For more information on this title, interviews with the author, or digital copies for review, email

To learn more about Pro Se Productions, go to Like Pro Se on Facebook at

Saturday, September 11, 2021


Reading detective fiction triggers a fascinating biological function.

by Johan Lehrer

The Rue Morgue

In the spring of 1841, at the age of thirty-two, Edgar Allan Poe decided to write a new kind of short story. At the time, Poe was best known for a magazine column on cryptography in which he dared readers to send him a code he couldn’t crack. He received nearly a hundred secret messages from all over the country. Poe solved them all, except for one. And that coded message he proved to be “an imposition,” a jumble of “random characters having no meaning whatever.”

Unfortunately for Poe, his column only paid a few dollars a page. As his editor observed, “The character of Poe’s mind was of such an order, as not to be very widely in demand.” Poe’s desperate need for money led him to try writing fiction, as he searched for a tale that could pay his rent and bar tab. He gave his first story a salacious title—“The Murders in the Rue Morgue”—and an intriguing protagonist, Monsieur C. Auguste Dupin, a young bachelor living in Paris who is also able to crack the most inscrutable codes.

The story takes place during a recent summer when the evening papers arrive with news of an extraordinary double murder. The mother’s body was found in the garden, “her throat so entirely cut that, upon an attempt to raise her, the head fell off and rolled to some distance.” The daughter, meanwhile, had been rammed up the chimney, killed by brute force. While the police initially assumed the motive to be theft, no valuables were missing. After a lengthy and fruitless investigation, the police concluded that “a murder so mysterious, and so perplexing in all its particulars, was never before committed in Paris.”

Dupin is drawn to the mystery. He tells the narrator that they should visit the crime scene for themselves; perhaps they will stumble upon an overlooked clue. If nothing else, Dupin says, “an inquiry will afford us amusement.”

Read the full article:

Friday, September 10, 2021

Corrina Lawson's Steampunk Detectives on Audio Book -- The Curse of the Brimstone Contract and A Hanging at Lotus Hall!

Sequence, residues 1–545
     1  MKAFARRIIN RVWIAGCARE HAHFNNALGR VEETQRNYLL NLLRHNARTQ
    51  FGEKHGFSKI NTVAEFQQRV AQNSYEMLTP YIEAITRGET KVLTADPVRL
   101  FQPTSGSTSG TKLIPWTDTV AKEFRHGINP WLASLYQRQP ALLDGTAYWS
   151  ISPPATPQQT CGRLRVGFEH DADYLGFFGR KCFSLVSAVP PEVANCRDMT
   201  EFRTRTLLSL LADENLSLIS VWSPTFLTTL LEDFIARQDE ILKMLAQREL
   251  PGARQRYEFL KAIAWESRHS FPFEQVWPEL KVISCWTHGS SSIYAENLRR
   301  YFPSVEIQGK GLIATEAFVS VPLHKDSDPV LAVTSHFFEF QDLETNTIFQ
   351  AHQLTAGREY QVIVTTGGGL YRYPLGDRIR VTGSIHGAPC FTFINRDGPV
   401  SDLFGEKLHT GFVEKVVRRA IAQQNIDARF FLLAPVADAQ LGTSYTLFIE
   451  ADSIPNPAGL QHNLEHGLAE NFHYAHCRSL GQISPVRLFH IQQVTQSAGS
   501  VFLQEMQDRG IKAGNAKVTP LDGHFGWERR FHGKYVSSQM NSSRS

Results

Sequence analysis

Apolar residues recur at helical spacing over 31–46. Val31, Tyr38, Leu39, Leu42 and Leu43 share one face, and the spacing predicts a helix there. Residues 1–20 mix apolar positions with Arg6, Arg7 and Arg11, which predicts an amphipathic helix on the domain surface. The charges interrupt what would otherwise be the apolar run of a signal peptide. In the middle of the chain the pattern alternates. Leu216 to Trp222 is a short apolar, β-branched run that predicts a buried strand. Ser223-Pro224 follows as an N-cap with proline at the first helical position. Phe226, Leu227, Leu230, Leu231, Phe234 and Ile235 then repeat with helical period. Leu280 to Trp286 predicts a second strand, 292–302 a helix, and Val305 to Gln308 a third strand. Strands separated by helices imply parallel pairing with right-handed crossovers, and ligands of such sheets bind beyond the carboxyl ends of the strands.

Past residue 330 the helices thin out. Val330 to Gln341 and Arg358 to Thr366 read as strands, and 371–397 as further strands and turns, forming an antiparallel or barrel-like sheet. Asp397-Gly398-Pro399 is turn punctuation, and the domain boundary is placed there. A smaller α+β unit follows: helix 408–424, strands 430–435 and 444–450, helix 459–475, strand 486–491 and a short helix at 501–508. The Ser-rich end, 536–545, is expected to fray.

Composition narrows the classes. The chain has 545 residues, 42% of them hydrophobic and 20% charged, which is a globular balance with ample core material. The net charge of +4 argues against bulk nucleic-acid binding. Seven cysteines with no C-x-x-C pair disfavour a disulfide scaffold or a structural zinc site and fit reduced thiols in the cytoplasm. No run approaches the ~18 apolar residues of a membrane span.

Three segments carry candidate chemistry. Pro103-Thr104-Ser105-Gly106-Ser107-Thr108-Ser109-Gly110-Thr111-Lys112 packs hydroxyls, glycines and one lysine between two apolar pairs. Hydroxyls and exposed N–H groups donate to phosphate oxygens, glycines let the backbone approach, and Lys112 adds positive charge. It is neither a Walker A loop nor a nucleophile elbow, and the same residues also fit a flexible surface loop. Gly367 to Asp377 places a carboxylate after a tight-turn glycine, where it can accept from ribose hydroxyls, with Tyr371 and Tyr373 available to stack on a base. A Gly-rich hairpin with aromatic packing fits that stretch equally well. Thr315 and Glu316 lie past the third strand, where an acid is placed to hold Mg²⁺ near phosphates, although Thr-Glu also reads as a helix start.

Corrina Lawson is pleased to announce that audiobooks for her Amazon bestselling steampunk detective series novels, The Curse of the Brimstone Contract and A Hanging at Lotus Hall, are now available exclusively through Scribd.

The series is set in an alternate universe Victorian England where magic use was championed by the late Prince Albert, and mage coal revolutionized the technology of the time. This, unfortunately, also consolidated mage power in the hands of the upper classes, especially noble families. 

The books focus on the team of Joan Krieger, a Jewish seamstress and mage, and Gregor Sherringford, a scion of a noble house working as a consulting detective, as they solve magical mysteries that strike, in some cases, very close to home. 

The books are available widely, including at Amazon ( The audio versions are exclusive to Scribd (,  a subscription service with over a million paying subscribers. There is a free 30-day trial available for new customers. 

Thursday, September 9, 2021

Mocha Memoirs Press Focus #1: Ronald T. Jones

This month I'm following up the previous series (eSpec Books) with a new one -- this time the amazing writers of Mocha Memoirs Press. First up is Ronald T. Jones!

Tell us a bit about your latest work.  

My latest release is Blood, Sweat and Blaster Bolts. The book is an anthology featuring short stories that I’ve written over the years. The stories are action-adventure tales ranging from space opera to fantasy to steampunk.

What happened in your life that prompted you to become a writer?  

I have been a science fiction fan since my childhood. I enjoy reading the literature and watching it on TV and the big screen. One day in my early twenties, I decided that I wanted to add my own contribution to this genre. That’s when I began to write.